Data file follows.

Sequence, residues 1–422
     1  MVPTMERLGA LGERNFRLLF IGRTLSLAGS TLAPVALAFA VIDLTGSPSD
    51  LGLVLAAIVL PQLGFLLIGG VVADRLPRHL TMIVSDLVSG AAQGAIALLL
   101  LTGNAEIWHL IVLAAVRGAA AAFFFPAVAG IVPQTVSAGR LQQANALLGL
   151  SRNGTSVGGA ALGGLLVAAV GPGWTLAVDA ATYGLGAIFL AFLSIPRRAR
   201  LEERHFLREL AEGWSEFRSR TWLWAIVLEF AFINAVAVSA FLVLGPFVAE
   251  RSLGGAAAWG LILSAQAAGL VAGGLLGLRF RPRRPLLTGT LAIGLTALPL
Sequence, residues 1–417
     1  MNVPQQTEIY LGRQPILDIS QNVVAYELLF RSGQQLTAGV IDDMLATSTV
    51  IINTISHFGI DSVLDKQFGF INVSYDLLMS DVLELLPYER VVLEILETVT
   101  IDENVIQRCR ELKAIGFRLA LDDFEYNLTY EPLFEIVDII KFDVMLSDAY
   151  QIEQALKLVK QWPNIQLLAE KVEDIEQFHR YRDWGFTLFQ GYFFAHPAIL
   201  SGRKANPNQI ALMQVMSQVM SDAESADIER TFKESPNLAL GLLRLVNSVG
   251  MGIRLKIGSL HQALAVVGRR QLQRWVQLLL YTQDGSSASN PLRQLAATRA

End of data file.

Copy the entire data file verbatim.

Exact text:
Sequence, residues 1–422
     1  MVPTMERLGA LGERNFRLLF IGRTLSLAGS TLAPVALAFA VIDLTGSPSD
    51  LGLVLAAIVL PQLGFLLIGG VVADRLPRHL TMIVSDLVSG AAQGAIALLL
   101  LTGNAEIWHL IVLAAVRGAA AAFFFPAVAG IVPQTVSAGR LQQANALLGL
   151  SRNGTSVGGA ALGGLLVAAV GPGWTLAVDA ATYGLGAIFL AFLSIPRRAR
   201  LEERHFLREL AEGWSEFRSR TWLWAIVLEF AFINAVAVSA FLVLGPFVAE
   251  RSLGGAAAWG LILSAQAAGL VAGGLLGLRF RPRRPLLTGT LAIGLTALPL
Sequence, residues 1–417
     1  MNVPQQTEIY LGRQPILDIS QNVVAYELLF RSGQQLTAGV IDDMLATSTV
    51  IINTISHFGI DSVLDKQFGF INVSYDLLMS DVLELLPYER VVLEILETVT
   101  IDENVIQRCR ELKAIGFRLA LDDFEYNLTY EPLFEIVDII KFDVMLSDAY
   151  QIEQALKLVK QWPNIQLLAE KVEDIEQFHR YRDWGFTLFQ GYFFAHPAIL
   201  SGRKANPNQI ALMQVMSQVM SDAESADIER TFKESPNLAL GLLRLVNSVG
   251  MGIRLKIGSL HQALAVVGRR QLQRWVQLLL YTQDGSSASN PLRQLAATRA